Coarse is an inelegant word for hair strands that are larger than average in diameter, or thicker. Coarseness hair isn’t a problem to be corrected or a condition to be relieved; it’s simply a fact of nature and genetics. However, if you’re on the coarse end of the hair spectrum, you’re probably craving some advice on how to best care for it and make it feel softer and a little less wiry. Read on.
What is coarse hair?
First, let’s clear up the common confusion: There is a difference between ‘coarse’ and ‘thick.’ While ‘coarse’ or ‘fine’ describes the size of each strand, ‘thick’ describes the density of hair follicles on your scalp, or how closely together hair grows. Thick hair has more follicles per square inch than sparser hair does and is more luxuriant overall. Everyone has their own combination of diameter and density.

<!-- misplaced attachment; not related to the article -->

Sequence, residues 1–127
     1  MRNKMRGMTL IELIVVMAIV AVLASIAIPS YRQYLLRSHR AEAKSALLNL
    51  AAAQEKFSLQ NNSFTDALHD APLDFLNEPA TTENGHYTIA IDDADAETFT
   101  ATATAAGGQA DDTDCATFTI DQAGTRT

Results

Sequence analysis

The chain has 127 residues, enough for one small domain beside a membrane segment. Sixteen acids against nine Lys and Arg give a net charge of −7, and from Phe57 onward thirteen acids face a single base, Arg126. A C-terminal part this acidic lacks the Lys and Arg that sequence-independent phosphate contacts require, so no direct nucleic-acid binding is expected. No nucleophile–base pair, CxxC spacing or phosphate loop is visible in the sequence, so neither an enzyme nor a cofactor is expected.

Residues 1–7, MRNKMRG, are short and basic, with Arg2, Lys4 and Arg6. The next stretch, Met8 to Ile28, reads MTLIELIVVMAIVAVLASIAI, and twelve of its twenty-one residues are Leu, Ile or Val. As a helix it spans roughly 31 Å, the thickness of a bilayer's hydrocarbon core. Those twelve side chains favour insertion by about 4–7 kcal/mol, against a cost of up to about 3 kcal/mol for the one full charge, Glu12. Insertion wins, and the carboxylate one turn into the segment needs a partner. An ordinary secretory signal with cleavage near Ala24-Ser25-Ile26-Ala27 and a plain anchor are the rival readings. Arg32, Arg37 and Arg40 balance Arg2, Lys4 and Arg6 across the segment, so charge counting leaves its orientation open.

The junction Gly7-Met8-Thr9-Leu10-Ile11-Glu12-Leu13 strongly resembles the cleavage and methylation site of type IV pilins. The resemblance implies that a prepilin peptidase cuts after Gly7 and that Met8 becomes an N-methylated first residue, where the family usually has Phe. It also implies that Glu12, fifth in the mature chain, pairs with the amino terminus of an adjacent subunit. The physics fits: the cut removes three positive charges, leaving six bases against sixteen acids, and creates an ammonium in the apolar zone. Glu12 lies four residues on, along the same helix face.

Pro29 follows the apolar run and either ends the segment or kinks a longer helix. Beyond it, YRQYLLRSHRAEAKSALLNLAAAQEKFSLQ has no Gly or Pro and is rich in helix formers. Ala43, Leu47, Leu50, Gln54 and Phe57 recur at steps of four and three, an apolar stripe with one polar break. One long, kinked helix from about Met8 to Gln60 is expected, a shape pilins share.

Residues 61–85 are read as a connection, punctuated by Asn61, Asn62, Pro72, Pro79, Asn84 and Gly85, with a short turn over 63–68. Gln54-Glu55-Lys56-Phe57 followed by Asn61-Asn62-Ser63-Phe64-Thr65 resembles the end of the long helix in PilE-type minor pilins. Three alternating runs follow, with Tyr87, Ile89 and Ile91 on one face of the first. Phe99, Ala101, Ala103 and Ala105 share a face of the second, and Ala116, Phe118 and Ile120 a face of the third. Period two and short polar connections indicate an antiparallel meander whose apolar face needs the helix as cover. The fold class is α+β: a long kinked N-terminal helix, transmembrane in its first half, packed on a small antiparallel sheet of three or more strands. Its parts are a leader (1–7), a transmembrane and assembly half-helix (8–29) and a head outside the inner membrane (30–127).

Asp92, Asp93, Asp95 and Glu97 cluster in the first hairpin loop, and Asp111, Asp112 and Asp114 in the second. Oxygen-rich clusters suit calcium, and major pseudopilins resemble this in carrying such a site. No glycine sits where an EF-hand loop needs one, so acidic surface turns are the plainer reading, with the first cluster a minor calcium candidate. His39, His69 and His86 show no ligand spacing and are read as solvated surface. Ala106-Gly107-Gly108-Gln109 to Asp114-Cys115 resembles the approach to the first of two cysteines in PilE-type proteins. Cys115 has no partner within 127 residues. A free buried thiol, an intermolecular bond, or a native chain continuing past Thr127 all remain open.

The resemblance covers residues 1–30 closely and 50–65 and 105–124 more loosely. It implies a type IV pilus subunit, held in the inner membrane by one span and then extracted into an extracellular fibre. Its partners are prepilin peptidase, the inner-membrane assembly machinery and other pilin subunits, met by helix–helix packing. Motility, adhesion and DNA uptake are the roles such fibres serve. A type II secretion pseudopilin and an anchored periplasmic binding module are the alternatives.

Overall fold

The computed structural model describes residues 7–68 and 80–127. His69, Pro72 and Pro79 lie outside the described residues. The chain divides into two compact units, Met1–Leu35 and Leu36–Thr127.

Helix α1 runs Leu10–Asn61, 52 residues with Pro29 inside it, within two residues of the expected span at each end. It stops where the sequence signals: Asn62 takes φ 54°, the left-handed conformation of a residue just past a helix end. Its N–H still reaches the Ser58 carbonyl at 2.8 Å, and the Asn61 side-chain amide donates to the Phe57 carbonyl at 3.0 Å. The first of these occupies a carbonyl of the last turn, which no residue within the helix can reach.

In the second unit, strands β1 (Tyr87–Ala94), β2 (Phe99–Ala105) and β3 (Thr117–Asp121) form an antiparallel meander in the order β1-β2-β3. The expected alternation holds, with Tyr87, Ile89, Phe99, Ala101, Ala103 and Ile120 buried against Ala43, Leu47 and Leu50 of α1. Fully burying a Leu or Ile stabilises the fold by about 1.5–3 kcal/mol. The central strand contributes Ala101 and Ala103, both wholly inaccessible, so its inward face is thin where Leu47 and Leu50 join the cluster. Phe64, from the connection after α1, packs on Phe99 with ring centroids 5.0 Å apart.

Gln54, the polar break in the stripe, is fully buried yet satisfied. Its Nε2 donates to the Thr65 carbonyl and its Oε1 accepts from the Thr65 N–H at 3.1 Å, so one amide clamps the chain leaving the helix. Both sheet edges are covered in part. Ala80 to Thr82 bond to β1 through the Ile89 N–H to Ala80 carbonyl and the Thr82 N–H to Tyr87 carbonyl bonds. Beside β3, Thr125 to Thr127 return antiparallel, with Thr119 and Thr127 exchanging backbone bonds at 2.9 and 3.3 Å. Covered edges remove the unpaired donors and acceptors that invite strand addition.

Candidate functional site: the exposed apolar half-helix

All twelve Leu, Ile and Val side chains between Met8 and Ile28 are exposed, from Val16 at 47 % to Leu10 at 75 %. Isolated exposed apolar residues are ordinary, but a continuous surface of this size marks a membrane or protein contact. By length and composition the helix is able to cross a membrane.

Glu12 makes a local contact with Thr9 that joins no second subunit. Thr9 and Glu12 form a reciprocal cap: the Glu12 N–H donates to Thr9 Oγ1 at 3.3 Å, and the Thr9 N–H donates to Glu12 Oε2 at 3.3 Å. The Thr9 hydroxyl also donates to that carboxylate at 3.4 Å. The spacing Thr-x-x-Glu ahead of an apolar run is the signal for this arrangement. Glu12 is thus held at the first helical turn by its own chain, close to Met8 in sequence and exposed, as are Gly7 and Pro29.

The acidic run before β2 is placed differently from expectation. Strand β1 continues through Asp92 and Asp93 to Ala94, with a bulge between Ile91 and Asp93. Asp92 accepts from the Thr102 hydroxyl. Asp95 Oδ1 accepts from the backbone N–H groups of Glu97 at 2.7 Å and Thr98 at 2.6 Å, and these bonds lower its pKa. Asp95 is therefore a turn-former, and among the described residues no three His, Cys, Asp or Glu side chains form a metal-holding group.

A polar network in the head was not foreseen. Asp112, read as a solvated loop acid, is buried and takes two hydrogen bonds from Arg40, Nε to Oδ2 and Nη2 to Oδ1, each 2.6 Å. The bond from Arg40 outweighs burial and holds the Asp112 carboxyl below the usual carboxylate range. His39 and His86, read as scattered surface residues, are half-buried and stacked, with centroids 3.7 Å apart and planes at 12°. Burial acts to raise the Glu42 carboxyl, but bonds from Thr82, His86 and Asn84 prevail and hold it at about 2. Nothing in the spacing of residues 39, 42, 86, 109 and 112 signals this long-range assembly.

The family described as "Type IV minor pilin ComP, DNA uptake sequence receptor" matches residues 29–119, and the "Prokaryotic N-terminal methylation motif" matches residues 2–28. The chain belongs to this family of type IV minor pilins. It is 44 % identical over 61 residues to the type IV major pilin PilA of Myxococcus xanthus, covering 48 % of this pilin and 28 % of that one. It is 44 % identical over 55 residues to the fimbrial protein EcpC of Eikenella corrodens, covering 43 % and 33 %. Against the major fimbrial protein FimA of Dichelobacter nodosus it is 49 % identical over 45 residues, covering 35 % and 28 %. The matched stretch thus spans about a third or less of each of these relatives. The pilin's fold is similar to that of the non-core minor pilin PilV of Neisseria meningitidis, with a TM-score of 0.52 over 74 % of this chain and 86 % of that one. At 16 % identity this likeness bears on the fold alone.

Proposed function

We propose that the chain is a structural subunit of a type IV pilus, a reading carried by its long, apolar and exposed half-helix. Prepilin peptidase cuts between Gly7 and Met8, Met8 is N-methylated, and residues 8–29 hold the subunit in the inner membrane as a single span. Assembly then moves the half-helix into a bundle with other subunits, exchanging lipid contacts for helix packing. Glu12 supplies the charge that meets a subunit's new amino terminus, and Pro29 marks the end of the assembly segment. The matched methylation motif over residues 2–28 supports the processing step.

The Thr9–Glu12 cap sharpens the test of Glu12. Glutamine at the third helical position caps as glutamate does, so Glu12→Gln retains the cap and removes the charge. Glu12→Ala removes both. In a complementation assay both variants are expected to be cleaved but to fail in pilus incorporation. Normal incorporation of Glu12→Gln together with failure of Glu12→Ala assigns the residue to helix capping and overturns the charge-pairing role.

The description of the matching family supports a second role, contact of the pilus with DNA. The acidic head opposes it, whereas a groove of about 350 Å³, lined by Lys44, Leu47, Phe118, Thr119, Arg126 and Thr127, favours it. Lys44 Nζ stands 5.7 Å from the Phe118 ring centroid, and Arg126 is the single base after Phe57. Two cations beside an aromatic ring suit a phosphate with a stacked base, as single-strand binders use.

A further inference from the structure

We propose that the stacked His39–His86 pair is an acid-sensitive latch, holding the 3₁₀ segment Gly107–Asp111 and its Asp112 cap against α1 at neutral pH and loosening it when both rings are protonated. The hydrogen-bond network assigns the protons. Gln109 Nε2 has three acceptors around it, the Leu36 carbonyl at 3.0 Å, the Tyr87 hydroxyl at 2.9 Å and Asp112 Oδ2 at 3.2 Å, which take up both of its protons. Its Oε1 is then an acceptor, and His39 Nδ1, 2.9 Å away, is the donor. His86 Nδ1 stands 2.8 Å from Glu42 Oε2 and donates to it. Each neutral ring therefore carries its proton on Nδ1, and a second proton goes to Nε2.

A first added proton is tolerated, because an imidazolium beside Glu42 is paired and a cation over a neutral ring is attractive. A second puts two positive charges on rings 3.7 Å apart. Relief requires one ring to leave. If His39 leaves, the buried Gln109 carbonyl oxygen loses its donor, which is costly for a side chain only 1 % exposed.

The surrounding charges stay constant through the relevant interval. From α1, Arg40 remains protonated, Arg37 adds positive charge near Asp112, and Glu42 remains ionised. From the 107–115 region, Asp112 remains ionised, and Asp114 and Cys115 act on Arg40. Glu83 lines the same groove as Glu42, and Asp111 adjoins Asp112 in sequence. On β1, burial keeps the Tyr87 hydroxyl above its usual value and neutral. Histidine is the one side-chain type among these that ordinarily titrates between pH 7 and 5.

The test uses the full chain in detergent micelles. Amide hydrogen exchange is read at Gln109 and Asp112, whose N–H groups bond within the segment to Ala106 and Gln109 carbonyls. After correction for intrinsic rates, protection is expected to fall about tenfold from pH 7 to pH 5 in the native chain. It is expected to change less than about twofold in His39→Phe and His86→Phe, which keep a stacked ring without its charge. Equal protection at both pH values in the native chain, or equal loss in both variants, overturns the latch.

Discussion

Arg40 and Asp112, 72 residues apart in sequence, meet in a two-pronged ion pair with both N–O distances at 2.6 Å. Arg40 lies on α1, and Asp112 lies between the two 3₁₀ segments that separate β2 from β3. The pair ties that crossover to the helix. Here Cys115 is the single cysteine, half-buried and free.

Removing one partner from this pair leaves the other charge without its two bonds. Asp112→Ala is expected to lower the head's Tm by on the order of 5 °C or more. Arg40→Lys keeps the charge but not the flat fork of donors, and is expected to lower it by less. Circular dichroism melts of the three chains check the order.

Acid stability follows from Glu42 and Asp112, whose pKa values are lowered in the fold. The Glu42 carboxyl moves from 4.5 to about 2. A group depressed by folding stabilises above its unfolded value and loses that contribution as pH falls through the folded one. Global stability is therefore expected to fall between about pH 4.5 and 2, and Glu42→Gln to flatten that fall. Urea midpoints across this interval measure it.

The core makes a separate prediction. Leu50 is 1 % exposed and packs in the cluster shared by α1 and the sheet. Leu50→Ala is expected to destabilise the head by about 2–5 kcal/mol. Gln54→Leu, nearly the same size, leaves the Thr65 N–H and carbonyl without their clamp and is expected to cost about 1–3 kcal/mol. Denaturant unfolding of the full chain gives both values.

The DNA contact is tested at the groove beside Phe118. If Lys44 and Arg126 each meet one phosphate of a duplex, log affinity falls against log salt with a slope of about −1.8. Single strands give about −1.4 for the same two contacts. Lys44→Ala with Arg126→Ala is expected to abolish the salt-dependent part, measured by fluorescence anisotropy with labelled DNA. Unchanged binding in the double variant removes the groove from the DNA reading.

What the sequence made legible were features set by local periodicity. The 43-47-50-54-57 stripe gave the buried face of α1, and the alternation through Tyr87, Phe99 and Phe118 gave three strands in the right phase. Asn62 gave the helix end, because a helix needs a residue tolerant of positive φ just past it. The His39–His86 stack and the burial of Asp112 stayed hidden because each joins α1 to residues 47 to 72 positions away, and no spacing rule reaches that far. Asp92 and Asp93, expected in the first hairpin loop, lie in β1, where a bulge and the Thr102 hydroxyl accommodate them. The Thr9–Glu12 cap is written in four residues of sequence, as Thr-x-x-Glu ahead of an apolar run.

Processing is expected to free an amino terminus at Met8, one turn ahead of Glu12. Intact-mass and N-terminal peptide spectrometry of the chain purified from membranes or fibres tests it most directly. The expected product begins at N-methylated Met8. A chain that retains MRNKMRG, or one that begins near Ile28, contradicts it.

There is a difference between ‘coarse’ and ‘thick.’ While ‘coarse’ or ‘fine’ describes the size of each strand, ‘thick’ describes the density of hair follicles on your scalp.
Coarse hair feels substantial between your fingers. The standard is the comparison to a length of ordinary sewing thread; if a hair strand feels as thick or thicker than thread, it’s on the coarse side. Coarse hair can be straight, it can be curly, wavy, kinky, and anything in-between. If your hair takes a longer time to dry, it is most likely coarse. If you’re still unsure about your hair type, take this hair quiz to find out so that you can begin practicing the best hair care methods!
Coarse hair is a gift